The format of the directory and the voice title storage in RAM 33 is now described by referring to FIGS. 7 and 8. FIG. 7 is a schematic conceptually illustrating volume data including a volume voice title 288 stored in the RAM 33 of the directory controller 30 of FIG. 4 according to the present invention. FIG. 8 is a schematic conceptually illustrating a structure of directory data for programs including program voice titles stored in the RAM 33 of the directory controller 30 of FIG. 4 according to the present invention.
 A library 280, as shown in FIG. 7, is stored in the RAM 33 and the library 280 stores directories of tapes, which users of the VCR 10 have archived. Each volume 282 a, 282 b, 282 c corresponds to a tape and within each volume is a directory to the programs on the tape. The first volume 282 a has a pointer 284 to the second volume 282 b and so on. The first volume also has a volume voice title pointer 286 that points to the volume voice title 288. When the user is scanning through the library, the voice title of each volume can be accessed and sent to voice synthesizer 260 and then to the TV 50 speaker via VCR control logic 21.
FIG. 8 is a detailed view of the contents of volume 282 a. The first entry 300 is a volume number, which is followed by the address of the next volume 284. This is followed by the address 304 of the first program entry in the volume. The volume voice title pointer 286, as explained above, points to the volume voice title 288. For each program recorded on the cassette tape, there is a corresponding directory entry 310. For purposes of illustration, FIG. 8 shows the entry 310 for only program 1. Each entry 310 stores: a title or program name 312; a program address 313, which contains an address on the tape for the beginning of the program; a program length value 314, which stores the length of the recorded program; an optional program type field 315, which stores the category of the recorded program; an optional program audience field 316, which stores the recommended audience of the program; an optional recording speed 317, which stores the speed at which the program is recorded; a program voice title pointer 318, which points to the location of the program voice title 330; and a next program entry address 320, which points to the next program entry.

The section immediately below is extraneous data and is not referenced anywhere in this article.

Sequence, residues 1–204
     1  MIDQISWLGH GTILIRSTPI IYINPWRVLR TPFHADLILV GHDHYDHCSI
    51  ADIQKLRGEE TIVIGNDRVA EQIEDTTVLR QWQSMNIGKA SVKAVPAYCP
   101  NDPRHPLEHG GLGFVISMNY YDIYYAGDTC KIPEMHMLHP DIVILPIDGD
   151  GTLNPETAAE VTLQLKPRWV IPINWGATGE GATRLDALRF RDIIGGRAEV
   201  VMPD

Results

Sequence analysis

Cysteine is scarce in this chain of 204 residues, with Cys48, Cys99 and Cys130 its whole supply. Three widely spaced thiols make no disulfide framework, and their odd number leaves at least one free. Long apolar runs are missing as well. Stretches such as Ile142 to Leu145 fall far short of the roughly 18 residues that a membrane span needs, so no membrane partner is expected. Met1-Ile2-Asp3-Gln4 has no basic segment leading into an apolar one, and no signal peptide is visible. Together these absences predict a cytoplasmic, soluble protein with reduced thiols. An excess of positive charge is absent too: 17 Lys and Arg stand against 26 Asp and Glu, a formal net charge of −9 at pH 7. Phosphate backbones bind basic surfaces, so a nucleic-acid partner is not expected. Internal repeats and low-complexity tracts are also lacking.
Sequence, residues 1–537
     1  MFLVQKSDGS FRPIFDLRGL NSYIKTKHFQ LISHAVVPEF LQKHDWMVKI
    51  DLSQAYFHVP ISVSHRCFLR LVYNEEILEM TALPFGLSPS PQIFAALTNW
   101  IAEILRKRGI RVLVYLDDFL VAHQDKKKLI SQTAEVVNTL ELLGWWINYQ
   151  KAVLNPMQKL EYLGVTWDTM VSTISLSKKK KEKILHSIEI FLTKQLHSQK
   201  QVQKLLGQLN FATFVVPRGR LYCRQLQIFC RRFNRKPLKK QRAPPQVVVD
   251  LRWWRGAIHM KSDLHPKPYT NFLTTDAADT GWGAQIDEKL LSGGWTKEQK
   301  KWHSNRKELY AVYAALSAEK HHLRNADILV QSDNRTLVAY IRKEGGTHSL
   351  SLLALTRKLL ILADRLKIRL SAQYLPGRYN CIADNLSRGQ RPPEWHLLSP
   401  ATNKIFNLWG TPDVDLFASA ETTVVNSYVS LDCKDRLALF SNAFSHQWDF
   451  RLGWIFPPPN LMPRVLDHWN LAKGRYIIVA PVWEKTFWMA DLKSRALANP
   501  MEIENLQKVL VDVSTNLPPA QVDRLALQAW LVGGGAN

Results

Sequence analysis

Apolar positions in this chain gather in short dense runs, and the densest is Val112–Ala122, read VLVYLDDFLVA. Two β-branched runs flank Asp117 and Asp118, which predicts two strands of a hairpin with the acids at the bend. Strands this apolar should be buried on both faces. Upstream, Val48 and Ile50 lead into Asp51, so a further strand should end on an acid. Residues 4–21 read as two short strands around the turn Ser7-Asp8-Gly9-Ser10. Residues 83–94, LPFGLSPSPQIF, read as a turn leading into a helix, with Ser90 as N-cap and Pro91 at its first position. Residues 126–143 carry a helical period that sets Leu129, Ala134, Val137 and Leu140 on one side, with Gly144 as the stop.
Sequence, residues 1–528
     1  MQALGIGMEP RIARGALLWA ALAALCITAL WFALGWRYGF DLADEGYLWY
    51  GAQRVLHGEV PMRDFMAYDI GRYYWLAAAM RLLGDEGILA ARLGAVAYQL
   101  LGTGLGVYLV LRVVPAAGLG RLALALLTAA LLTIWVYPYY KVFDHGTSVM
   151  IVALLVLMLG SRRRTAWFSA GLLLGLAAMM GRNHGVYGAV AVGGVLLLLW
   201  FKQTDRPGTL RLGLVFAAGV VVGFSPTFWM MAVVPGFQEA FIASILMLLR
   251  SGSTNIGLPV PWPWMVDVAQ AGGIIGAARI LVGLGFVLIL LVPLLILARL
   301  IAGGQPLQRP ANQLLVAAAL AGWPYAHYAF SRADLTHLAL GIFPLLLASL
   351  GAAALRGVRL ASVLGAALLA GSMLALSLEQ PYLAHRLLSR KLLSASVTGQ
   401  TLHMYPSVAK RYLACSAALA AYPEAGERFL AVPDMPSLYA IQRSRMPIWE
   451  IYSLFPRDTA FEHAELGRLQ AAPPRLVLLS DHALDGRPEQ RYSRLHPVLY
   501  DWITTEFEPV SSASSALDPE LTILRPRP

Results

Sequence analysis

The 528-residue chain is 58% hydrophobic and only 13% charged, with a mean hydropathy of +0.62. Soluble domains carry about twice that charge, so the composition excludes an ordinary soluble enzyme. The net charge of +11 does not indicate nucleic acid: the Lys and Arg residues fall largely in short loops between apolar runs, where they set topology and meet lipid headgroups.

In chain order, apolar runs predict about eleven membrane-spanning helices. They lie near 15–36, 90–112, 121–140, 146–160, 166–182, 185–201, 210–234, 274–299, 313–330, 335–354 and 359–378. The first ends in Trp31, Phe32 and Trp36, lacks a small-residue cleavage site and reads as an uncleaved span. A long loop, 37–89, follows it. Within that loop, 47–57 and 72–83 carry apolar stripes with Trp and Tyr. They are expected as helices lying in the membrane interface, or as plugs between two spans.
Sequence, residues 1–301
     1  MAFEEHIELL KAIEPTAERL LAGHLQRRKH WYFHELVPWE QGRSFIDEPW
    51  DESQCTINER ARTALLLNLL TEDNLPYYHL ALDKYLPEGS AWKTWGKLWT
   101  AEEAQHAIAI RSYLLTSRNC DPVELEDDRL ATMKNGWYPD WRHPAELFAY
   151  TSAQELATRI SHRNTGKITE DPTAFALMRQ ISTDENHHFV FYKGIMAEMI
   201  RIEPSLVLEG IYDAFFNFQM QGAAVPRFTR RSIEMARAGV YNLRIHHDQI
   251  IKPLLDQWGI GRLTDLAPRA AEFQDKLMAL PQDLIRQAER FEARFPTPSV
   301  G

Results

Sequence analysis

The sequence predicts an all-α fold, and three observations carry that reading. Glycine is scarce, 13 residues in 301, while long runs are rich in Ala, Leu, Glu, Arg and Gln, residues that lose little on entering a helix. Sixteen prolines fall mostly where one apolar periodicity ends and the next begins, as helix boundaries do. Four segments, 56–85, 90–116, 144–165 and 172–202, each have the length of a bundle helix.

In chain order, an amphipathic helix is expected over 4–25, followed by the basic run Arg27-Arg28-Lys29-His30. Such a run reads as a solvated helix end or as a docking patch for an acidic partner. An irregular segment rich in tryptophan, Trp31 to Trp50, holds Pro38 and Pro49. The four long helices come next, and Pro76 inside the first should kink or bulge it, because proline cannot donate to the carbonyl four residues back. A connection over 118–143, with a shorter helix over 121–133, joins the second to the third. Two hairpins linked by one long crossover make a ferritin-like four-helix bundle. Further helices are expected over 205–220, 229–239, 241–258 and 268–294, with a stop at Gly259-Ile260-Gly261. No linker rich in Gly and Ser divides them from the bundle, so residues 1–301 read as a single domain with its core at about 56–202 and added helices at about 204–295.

A current tape location (not shown) is also stored in the directory for indicating the position from the beginning of the tape 42 in the cassette 40 when the tape is ejected. This field is used for setting a tape counter when the tape is reloaded into VCR 10.
 Each item in the directory can be modified through the use of the buttons on the keyboard 32 a and the special function keys 32 b, 32 c, 32 d of the directory controller 32, and as indicated above, the directory may be written from data decoded from the VBI.
 The volume voice titles stored in the directory can be used by the user to determine the tapes stored in the directory and to select a tape to play. Then the user can use the program voice titles to select a program to play.
FIG. 9 is a flowchart showing the steps employed to index a previously recorded tape in the indexing VCR 10 using TPA packets and VISS marks and is another method of generating a directory for a tape. In this method a directory for the tape is created and stored in the RAM 33. Tape identification, program number and absolute address (TPA) packets and VISS marks are recorded on the control track 246 of the tape, as shown in FIG. 10.